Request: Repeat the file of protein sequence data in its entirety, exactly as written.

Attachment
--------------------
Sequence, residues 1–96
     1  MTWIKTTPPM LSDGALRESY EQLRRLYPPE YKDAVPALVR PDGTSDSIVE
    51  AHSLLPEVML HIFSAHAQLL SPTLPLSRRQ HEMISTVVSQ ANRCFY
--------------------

Sequence, residues 1–96
     1  MTWIKTTPPM LSDGALRESY EQLRRLYPPE YKDAVPALVR PDGTSDSIVE
    51  AHSLLPEVML HIFSAHAQLL SPTLPLSRRQ HEMISTVVSQ ANRCFY